Details

Type: Improvement

Status: Open

Priority: Major

Resolution: Unresolved

Affects Version/s: 0.6, 0.7, 0.8, 1.0

Fix Version/s: None

Component/s: Referencing

Labels:None
Description
Some map projections or geodesic calculations use series expansions as approximations of integrals. Those series expansions are published in books like Map Projections  A Working Manual (John P. Snyder, U.S. Geological Survey Professional Paper 1395, 1987) or Coordinate Conversions and Transformations including Formulas (EPSG Geomatics Guidance Note Number 7, part 2). But the number of terms in those series expansions is chosen for planets with a flattening factor like Earth. For celestial bodies with higher flattening factor, the number of terms may be insufficient. This JIRA issue lists some work that needs to be done if we want Apache SIS to support higher flattening factors. There is two strategies: increase the number of terms, or use iterative methods.
Mercator, Lambert conic, Polar stereographic
ConformalProjection is the base class of LambertConicConformal, Mercator and PolarStereographic projections and provides the algorithm described here. Apache SIS starts with series expansion. Then if the ellipsoid eccentricity is greater than 0.16 (determined empirically for centimetric precision), it continues with iterative method. For comparison, Earth eccentricity is about 0.082.
Status: done, but does not converge for very high eccentricity.
Albers equal area, Cylindrical equal area
EqualAreaProjection is the base class of AlbersEqualArea and CylindricalEqualArea projections and provides the algorithm described here. Apache SIS starts with series expansion. Then if the ellipsoid eccentricity is greater than 0.1 (determined empirically for centimetric precision), it continues with iterative method. For comparison, Earth eccentricity is about 0.082.
Status: done, but does not converge for very high eccentricity.
Polyconic, Sinusoidal
MeridianArcBased is the base class of Polyconic and Sinusoidal projections and provides the algorithm described here. Apache SIS uses series expansion only. We can increase the amount of terms by at least one by uncommenting the cf5 term, but it requires updating the dM_dφ method too.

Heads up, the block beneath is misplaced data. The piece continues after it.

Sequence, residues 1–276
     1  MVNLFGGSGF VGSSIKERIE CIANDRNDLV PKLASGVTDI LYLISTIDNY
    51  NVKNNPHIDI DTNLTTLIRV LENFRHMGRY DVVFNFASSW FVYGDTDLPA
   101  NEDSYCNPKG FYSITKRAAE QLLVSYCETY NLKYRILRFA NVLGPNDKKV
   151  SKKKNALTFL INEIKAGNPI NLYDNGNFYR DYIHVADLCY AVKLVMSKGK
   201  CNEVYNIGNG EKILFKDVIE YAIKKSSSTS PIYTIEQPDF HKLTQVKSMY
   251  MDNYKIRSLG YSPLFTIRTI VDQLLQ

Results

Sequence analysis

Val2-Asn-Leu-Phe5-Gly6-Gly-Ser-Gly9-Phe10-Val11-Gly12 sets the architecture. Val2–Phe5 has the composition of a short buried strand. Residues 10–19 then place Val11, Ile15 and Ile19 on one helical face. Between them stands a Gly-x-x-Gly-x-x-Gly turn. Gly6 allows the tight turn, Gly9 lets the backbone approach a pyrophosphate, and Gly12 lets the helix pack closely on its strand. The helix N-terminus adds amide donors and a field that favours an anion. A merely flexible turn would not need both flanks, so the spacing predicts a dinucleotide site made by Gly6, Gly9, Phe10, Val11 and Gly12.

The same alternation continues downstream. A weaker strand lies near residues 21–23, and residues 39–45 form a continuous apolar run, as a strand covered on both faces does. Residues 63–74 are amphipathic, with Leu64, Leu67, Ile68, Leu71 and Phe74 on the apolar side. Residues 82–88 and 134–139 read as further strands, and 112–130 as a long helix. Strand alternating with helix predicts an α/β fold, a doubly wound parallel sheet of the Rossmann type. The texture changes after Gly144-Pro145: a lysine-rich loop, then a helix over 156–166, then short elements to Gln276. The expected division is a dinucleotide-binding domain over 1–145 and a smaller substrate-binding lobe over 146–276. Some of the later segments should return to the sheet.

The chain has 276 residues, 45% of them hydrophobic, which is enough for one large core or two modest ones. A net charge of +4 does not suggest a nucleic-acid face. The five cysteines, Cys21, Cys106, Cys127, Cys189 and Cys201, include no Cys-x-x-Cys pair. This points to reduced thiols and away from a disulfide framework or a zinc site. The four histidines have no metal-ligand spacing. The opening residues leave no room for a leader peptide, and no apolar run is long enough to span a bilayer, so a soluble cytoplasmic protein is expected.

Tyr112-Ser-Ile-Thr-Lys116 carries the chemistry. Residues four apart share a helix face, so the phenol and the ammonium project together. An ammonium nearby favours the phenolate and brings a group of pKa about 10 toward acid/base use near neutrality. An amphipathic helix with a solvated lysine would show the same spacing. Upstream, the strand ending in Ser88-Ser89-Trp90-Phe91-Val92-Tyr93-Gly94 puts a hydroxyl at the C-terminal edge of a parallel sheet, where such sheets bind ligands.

Status: to do: increase the number of terms at least with cf5. We still have to determine at which eccentricity threshold we lost centrimetric accuracy for a planet the size of Earth.
Transverse Mercator
There is currently no check of eccentricity limits. Note that Transverse Mercator projection is approximate anyway (even on Earth) for coordinates far from central meridian. The effect of high flattening factor may be that the area validity become smaller, but it needs to be verified.
Status: to do: determine how area of validity varies with flattening factor.
Geodesics on ellipsoid
Formulas currently implemented in GeodesicsOnEllipsoid class are derived from Karney 2013, Algorithms for geodesics. A slightly older publication, Karney 2011, Geodesics on an ellipsoid of revolution, gives more terms. Those additional terms were omitted in more recent publication because they are smaller than IEEE 754 doubleprecision when the flattening factor is Earth's one, but they can be useful for other celestial bodies. Incorporating those additional terms in Apache SIS requires that we update the Clenshaw summation formulas that we use. MultipleAngle formulas for 7θ and 8θ can be determined by Chebyshev polynomial of the second kind. Another way to find the Clenshaw summation formulas is to use the iterative algorithm given by Karney 2011 equation 59.
Status: to do: add more terms in series expansions from Karney (2011). We will still have to determine at which eccentricity threshold we lost centimetric precision for a planet of the size of Earth. The domain given by Karney 2013 (f ≤ 1/150, equivalent to an eccentricity of about 0.12) is for finer accuracy than centimetric.